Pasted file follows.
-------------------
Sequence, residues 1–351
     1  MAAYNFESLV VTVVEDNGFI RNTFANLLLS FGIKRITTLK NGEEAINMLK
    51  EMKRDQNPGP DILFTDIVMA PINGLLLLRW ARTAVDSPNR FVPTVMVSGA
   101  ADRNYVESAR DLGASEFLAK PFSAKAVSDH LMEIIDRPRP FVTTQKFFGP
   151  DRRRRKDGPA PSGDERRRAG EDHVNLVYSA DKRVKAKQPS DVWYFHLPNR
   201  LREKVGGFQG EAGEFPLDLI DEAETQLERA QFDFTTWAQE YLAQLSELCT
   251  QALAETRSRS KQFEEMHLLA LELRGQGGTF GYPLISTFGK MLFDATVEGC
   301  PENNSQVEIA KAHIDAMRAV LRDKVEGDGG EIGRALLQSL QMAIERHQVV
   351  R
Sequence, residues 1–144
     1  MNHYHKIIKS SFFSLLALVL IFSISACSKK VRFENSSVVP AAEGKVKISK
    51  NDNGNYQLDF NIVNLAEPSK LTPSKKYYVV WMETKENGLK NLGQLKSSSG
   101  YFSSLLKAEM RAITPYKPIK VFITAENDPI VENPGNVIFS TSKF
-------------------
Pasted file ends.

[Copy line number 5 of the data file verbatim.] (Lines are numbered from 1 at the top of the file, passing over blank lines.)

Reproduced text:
   151  DRRRRKDGPA PSGDERRRAG EDHVNLVYSA DKRVKAKQPS DVWYFHLPNR